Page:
The Problem with Hypertext [Commentary for NPR's "All Things Considered," broadcast May 14, 1997]

The Problem with Hypertext

by David Shenk

RAY SUAREZ, HOST: Chips are said to be the brains behind the computer. Commentator David Shenk says that as we make computers faster and easier to use, we shouldn't ignore the architecture of the human brain.

DAVID SHENK, COMMENTATOR: Someday, perhaps tens of thousands of years from now, the human form may be very different. Our eyes might point in different directions, our ears may process different channels of sound in distinct parts of the brain, and we might even talk and think in fragmented hyper-speak.

Until then, we are all stuck in a linear world. We can dabble in hyper-fiction and so-called dense TV as forms of entertainment and as thought experiments, but let us not forget that our brains are wired to read the adventures of Huckleberry Finn and Time Magazine.

Our sentences work best when they have a subject, object, and verb. Our stories work best when they have an ending. As we surf the Internet, we're in danger of forgetting this basic truth.

With hyper-text, endings are irrelevant, because no one ever gets to one. Reading gives way to surfing, a meandering peripatetic journey through a maze of threads. The surfer creates his or her own narrative, opting for the most seductive link immediately available.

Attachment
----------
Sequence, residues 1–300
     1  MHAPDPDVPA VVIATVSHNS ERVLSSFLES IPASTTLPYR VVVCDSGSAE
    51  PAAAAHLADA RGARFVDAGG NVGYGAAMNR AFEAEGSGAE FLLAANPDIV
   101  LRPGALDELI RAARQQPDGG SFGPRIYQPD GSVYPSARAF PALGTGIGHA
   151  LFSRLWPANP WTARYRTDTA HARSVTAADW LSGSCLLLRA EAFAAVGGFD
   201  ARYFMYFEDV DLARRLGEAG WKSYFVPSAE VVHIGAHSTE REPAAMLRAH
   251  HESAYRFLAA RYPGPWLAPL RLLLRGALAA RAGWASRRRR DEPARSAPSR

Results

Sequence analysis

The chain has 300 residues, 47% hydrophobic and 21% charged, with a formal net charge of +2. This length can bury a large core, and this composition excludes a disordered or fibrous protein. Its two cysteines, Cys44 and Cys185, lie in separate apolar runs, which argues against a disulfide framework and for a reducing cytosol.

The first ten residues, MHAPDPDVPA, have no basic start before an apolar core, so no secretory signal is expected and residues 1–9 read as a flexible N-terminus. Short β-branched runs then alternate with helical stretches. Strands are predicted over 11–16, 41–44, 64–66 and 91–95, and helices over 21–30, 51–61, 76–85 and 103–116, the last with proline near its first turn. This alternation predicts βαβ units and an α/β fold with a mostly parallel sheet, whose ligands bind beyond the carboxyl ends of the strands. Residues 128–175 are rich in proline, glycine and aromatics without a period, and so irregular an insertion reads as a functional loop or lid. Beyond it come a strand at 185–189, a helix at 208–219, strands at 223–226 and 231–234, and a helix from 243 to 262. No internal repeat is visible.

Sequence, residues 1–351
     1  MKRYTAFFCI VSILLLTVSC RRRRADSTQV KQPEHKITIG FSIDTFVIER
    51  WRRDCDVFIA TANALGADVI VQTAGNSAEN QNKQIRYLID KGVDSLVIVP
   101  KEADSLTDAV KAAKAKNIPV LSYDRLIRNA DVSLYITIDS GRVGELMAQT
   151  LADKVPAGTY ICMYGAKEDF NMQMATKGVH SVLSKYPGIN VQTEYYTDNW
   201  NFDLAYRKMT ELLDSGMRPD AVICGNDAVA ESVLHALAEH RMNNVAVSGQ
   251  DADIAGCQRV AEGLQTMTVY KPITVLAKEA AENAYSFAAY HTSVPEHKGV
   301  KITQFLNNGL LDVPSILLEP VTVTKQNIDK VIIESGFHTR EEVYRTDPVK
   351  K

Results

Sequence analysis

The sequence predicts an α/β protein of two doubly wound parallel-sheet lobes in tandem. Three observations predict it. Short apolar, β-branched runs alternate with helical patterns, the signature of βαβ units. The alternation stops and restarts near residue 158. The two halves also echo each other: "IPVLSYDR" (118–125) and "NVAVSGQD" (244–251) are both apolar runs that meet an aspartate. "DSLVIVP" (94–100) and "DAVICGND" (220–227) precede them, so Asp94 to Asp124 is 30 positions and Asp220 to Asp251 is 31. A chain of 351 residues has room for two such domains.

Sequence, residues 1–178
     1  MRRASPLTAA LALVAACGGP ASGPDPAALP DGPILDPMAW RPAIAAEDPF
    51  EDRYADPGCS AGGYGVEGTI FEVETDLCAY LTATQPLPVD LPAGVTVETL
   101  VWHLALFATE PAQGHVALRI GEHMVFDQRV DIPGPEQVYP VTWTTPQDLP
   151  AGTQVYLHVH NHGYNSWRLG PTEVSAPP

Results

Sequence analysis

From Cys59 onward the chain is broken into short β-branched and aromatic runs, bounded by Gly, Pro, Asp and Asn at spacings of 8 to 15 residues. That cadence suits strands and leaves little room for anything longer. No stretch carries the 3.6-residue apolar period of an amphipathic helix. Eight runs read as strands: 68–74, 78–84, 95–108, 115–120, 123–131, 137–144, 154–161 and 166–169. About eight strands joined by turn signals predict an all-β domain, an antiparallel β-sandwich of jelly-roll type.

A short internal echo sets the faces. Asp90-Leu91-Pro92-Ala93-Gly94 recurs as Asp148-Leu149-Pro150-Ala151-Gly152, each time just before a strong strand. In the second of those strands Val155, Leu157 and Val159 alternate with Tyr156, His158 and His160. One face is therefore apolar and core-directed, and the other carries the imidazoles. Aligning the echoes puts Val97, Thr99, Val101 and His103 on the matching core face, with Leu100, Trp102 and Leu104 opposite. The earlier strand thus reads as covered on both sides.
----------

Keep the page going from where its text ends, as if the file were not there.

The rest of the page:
As a research technique, this is superb. As a mode of thought however, it has serious deficiencies. Faster is not always better and segmentation is not always smarter.

If Jane Austen could see what her book Pride and Prejudice has become on the World Wide Web, she would faint dead away. In the first five sentences, there are four invitations to go elsewhere.

In our restless technological optimism, we tend to look down on old technologies as inferior, but we need to resist this. Some of the boring old linear technologies, including the one we're using right now, still ride on the cutting edge of human intelligence.

The works of George Orwell, E.B. White, and Joan Didion read from beginning to end, not just because of the primitive tools these writers used. Traditional narrative offers the reader a journey with a built-in purpose.

The progression of thought is specifically designed so that the reader may learn something, not just from the parts of the story, but also from the story as a whole.

For all of its advantages, hyper-text has no whole. As the Web becomes integrated into the fabric of our lives, mostly to our great benefit, we should employ hyper-linking as a useful tool, but be careful not to let it govern the way we think.

DAVID SHENK is author of "Data Smog: Surviving the Information Glut." He can be reached at Read more of his work at his smog-free home page: